There’s a lot to like about this narrative and theme. Firstly, while it’s likely not intended on the part of the developer, but the idea of a society formed from the dregs of a powerful empire certainly appeals to me, as an Australian. It feels analogous to the story of what happened when white people decided to declare this giant island as Australia, and dump all its criminals on it, even though one of the oldest peoples on the planet had already claimed it. The Empire in Avernum is every bit the stuffy, righteous, militant place that the United Kingdom was back then (so perhaps the analogy was deliberate), and there’s that same sense of scrappy survivalism and mateship that the white pioneers in Australia needed to develop quickly on landing here, and continues on after a fashion to this day.
Secondly, there’s a genuine sense of wonder and adventure that comes from stepping out of the dark and into the sunlit world for the first time. In the leadup to your heroes taking their first steps outside, there’s an amusing moment where they get lectured on what a tree is, for example. The world they’re exploring is so foreign and alien to them, and the experiences all written up as so new, that the ignorance and naivety really plays to the sense of the mystery and discovery. One of my favourite pulp fiction authors, R. A. Salvatore, has dealt with the same topic so well over the years with his Dungeons & Dragons novels. Starring the drow, Drizzt Do’Urden, who escaped the evils of his home town after a century of youth (elves live long, remember), to come to the surface for the first time was a topic Salvatore addressed in vivid depth. To be able to play a game that approaches a topic so closely in parallel is a wonderful experience indeed.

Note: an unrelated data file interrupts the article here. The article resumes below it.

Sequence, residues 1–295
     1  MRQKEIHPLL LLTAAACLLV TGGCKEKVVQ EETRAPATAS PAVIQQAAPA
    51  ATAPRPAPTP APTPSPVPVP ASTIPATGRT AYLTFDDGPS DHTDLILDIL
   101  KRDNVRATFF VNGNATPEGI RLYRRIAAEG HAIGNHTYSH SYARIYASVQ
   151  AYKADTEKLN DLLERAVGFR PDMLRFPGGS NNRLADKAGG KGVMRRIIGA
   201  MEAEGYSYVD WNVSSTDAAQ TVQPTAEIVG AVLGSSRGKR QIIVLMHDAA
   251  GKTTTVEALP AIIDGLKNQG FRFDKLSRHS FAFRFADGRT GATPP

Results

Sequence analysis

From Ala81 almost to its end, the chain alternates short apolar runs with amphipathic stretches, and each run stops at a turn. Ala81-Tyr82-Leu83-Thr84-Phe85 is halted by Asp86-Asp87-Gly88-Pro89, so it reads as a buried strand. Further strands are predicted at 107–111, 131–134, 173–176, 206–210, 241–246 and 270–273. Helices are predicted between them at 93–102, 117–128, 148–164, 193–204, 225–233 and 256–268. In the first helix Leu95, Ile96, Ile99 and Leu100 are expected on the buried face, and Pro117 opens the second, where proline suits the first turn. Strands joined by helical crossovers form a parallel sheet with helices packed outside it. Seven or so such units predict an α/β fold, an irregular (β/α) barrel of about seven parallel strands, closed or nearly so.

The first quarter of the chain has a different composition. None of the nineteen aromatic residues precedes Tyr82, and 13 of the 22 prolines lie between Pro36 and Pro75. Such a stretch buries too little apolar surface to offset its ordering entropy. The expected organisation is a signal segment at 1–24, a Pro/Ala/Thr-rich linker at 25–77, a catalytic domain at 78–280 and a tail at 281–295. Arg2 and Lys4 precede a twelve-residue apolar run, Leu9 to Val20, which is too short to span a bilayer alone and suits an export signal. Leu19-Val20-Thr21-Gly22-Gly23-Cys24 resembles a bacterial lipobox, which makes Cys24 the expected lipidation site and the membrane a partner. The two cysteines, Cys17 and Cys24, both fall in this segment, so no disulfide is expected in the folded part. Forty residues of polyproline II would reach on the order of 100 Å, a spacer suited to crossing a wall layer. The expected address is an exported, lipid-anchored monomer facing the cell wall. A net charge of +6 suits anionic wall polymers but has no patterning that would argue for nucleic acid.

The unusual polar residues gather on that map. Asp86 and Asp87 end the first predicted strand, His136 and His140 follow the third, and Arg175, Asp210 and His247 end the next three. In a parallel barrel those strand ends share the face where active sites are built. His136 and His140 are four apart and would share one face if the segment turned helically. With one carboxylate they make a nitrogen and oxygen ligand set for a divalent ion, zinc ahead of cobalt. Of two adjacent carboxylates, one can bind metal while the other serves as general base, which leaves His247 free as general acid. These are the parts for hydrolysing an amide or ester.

Spiderweb Software’s lead creative (and, realistically, it’s a one-man band), Jeff Vogel, has a real way with words, and though Avernum 3 features a lot of reading, it’s presented in such vivid and elegant depth that it paints a picture where the primitive visuals of the engine struggle. It’s engrossing, and helps make what is a very lengthy adventure by indie RPG standards simply fly by. Just like a good book.